Police Scotland suspected of spying on journalists

Sir Stephen House. Picture: Michael Gillen
Sir Stephen House. Picture: Michael Gillen
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Police Scotland is coming under renewed pressure to “come clean” over whether the force has been “spying and snooping” on journalists.

Labour has lodged a motion at the Scottish Parliament demanding “full transparency from the Scottish Government about what exactly it knows regarding the allegations about spying on journalists and their sources”.

It comes after it was alleged that Police Scotland is one of two forces in the UK which has illegally monitored communications between journalists and their contacts.

Police are meant to get the approval of a judge before using the Regulation of Investigatory Powers Act to identify a journalist’s sources.

But the Interception of Communications Commissioner’s Office (IOCCO) said it had “identified that two police forces had acquired communications data to identify the interactions between journalists and their sources without obtaining judicial approval”.

Scottish Labour justice spokesman Hugh Henry said Police Scotland “owe it the public to come clean”.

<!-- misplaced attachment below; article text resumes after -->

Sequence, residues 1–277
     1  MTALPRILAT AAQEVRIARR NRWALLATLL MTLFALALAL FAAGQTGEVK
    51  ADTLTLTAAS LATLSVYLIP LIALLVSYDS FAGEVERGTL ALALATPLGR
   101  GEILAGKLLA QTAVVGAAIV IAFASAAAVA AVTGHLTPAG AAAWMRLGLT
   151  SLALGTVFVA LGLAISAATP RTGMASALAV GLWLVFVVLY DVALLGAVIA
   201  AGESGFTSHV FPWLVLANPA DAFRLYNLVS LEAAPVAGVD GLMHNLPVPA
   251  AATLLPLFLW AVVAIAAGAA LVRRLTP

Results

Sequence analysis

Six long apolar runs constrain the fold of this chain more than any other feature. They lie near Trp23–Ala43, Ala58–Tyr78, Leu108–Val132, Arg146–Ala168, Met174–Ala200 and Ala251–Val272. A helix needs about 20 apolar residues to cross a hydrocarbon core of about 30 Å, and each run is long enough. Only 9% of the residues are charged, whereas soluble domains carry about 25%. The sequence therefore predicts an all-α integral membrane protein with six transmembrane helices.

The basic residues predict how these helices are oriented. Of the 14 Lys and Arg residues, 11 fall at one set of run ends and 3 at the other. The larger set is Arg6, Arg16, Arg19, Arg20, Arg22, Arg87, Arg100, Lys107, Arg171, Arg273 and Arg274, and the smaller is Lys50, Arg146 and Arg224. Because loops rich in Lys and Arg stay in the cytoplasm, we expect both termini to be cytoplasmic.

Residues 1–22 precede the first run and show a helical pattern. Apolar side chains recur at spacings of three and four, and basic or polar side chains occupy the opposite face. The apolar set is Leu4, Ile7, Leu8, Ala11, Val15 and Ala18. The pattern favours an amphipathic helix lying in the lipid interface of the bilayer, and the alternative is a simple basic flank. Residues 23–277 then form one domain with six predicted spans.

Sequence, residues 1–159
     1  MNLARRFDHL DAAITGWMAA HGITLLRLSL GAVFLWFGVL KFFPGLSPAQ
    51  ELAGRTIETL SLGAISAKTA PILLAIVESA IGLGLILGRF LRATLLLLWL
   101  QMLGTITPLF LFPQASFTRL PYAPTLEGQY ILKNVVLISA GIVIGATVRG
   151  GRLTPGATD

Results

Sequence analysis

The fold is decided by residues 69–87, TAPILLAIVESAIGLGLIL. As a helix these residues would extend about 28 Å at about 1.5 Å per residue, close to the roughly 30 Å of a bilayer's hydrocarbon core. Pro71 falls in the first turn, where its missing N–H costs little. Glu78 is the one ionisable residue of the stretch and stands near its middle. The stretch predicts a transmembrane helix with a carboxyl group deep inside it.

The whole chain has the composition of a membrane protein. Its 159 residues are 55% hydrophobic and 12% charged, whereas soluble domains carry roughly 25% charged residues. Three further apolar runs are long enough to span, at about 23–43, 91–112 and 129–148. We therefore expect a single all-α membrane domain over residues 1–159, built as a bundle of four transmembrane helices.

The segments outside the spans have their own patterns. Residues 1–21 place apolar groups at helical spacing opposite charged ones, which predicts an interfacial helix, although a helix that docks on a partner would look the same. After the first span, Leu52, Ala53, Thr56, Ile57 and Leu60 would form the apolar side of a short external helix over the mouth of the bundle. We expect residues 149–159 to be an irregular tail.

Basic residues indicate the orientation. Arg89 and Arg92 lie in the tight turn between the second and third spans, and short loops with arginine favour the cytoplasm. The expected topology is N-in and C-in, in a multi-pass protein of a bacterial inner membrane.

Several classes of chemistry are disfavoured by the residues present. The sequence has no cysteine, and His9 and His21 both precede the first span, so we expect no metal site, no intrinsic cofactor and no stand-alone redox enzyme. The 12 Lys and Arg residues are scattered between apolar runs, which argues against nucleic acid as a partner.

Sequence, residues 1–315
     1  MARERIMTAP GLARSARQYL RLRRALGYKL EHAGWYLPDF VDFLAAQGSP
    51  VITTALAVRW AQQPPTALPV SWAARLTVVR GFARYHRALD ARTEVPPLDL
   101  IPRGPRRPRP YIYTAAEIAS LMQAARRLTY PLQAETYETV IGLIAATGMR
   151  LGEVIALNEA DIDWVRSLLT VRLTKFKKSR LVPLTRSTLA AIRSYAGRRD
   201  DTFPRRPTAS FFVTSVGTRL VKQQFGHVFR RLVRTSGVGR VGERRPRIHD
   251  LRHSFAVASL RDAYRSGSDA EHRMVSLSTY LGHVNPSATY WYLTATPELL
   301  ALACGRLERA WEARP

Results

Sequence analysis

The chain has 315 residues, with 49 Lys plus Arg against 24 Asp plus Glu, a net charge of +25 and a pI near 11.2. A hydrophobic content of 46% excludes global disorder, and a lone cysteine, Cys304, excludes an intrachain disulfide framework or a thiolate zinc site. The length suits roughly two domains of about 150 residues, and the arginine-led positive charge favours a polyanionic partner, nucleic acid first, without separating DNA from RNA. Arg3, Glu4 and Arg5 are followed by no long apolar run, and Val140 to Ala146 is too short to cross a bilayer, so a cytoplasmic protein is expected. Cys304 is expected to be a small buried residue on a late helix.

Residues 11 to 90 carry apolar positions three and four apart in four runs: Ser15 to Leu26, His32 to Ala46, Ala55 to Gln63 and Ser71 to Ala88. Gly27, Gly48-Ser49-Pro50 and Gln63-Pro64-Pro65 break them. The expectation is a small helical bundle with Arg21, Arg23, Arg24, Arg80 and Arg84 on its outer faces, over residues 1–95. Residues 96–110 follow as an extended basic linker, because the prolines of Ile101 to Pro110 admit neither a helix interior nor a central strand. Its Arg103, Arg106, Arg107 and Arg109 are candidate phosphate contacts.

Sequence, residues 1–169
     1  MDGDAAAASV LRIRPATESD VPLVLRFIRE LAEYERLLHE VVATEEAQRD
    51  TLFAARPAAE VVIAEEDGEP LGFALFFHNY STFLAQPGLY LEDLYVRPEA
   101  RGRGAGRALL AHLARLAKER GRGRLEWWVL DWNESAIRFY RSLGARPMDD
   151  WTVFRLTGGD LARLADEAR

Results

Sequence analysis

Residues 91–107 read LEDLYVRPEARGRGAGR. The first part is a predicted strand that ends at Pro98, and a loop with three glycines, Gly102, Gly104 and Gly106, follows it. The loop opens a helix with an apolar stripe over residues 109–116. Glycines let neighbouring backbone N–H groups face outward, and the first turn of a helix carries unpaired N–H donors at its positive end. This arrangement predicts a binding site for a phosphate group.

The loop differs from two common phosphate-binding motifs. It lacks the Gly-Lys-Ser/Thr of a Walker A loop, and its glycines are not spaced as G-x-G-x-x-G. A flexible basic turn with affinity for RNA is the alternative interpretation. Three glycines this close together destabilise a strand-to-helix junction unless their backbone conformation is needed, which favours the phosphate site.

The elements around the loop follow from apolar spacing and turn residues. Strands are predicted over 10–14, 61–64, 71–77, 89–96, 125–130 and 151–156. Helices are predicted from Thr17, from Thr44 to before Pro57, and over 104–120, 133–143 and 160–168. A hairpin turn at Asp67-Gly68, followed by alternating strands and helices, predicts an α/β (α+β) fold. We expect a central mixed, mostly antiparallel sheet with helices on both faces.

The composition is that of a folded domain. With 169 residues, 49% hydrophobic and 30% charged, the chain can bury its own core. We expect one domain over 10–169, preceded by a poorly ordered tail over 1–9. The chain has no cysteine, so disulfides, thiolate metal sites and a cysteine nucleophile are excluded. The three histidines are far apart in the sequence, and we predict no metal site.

The former justice minister said: “If Police Scotland has been breaking the rules, then Police Scotland is responsible to the Scottish Government and the Scottish Parliament.

“Police Scotland need to come up front and the Scottish Government should be asking Police Scotland, are they one of the forces identified?”

Police Scotland came into being in 2013 when eight regional police forces were merged into one national body.

The force, which is headed by Chief Constable Sir Stephen House, has come in for criticism over its use of stop-and-search powers and the deployment of armed officers on routine duties.

Last month, Justice Secretary Michael Matheson ordered Her Majesty’s Inspectorate of Constabulary in Scotland to carry out an urgent review of police call handling after the force took three days to respond to a call about a car crash which resulted in the death of a couple.

The IOCCO, which is an independent oversight body, has already said it would be “wholly inappropriate” to name the police forces involved while matters are being investigated.

A Police Scotland spokeswoman said: “IOCCO has clearly set out its rationale for not identifying organisations in its report and therefore it would be inappropriate to comment further.”

A Scottish Government spokeswoman said: “The investigation of the reported breaches is ongoing and is a matter for IOCCO. IOCCO have made clear it would be wholly inappropriate for them to make public the identity of the two police forces while their investigation is ­ongoing and have set out the reasons for this.

“It is therefore not appropriate to comment further while the investigations are ongoing.

“However, if there are any issues arising out of these investigations, they should be fully addressed by the appropriate bodies when concluded.”